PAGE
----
Process and Implementation: Optical Flow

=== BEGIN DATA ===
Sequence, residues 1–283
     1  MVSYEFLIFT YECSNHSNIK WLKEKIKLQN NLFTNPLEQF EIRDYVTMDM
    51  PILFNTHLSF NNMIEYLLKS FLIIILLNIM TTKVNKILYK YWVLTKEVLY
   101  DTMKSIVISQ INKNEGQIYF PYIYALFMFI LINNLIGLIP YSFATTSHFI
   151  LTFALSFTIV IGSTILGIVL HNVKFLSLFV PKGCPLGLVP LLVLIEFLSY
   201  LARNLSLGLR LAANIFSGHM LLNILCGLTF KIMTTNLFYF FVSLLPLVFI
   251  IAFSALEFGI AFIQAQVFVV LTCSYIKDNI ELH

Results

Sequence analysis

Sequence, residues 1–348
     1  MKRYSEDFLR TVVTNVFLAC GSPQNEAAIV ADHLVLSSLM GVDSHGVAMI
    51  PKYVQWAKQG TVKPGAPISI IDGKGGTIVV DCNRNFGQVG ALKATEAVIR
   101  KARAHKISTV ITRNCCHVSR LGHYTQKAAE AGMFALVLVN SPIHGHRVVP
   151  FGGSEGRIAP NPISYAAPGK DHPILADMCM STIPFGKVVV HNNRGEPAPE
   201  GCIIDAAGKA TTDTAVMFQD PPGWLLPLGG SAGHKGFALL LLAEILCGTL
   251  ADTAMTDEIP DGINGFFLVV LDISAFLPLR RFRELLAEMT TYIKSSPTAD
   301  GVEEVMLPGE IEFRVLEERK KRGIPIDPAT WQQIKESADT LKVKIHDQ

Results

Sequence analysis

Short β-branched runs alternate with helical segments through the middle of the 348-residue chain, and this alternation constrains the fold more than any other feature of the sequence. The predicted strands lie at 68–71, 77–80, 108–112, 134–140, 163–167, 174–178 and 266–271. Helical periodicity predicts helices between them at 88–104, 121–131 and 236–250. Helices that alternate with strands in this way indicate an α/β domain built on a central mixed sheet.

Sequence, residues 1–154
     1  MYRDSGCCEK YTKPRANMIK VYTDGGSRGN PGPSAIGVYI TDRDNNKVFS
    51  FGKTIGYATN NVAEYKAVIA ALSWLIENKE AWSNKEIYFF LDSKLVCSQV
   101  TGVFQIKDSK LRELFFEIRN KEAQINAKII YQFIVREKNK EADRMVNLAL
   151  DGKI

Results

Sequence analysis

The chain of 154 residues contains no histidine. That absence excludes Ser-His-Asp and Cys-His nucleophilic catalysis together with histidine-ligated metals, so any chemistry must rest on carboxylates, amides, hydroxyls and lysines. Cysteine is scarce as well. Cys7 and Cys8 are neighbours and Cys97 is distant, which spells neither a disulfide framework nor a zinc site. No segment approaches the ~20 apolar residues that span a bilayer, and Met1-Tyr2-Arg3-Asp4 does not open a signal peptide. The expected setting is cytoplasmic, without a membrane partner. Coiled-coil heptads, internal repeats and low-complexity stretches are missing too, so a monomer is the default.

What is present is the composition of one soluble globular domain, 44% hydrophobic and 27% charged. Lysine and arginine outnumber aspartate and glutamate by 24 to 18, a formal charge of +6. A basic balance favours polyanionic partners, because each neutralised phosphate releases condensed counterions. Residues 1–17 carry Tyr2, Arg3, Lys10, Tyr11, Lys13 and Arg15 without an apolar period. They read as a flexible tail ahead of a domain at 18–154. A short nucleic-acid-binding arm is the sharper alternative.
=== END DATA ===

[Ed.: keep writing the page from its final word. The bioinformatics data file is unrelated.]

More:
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Process and Implementation Optical Flow First, I needed to investigate methods to compute optical flow. From the description in the paper, it seemed as if they were using the Lucas-Kanade method. This method assumes that optical flow is constant in a small window. It is a highly used method of computing optical flow and is found in several libraries. The library I utilized was created by Piotr Dollar, from the University of California, San Diego (1). This toolbox also implements a cross-correlation method of computing optical flow, as well as the Horn & Schunck method. I tested all three of these methods and determined that the Lucas-Kanade method was the best choice for this application. In class, there was a suggestion to investigate a hierarchical version of the Lucas-Kanade method to more accurately calculate optical flow, since it is an integral part of this paper. I tested a toolbox (2) that was written by Sohaib Khan, who was a student of Mubarak Shah at the University of Central Florida. This code produced results that were much more highly susceptible to noise, and I determined that the better choice was the original toolbox. These results can be seen in Figure 1. Figure 1: Lucas-Kanade Optical Flow Method (left) vs. Hierarchical Lucas-Kanade Optical Flow Method (right) Generalized Social Force for Particle Advection and Calculation of the Interaction Force The paper presents a method of using particle advection to estimate the flow of objects through a scene. Since crowd scenes are cluttered and difficult to track microscopically, the authors proposed this macroscopic method of overlaying a grid of particles on the scene and advecting them via optical flow to model the movement of the crowd. This... ... middle of paper ... ... is unclear and a mystery to me. I also would be interested in implementing the concept in a way other than through particle advection, as I feel that it loses a lot of data by not evenly covering the scene in each clip. Works Cited 1. Dollar, Piotr. Piotr's Matlab Image and Video Toolbox. Piotr Dollar. [Online] February 22, 2010. [Cited: March 17, 2010.] 2. Khan, Sohaib. Source Code. Mubarak Shah. [Online] [Cited: March 17, 2010.] 3. Blei, David. Latent Dirichlet Allocation in C. David Blei. [Online] [Cited: March 17, 2010.] 4. Mochihashi, Daichi. lda, a Latent Dirichlet Allocation package. Daichi Mochihashi. [Online] December 4, 2004. [Cited: March 17, 2010.]

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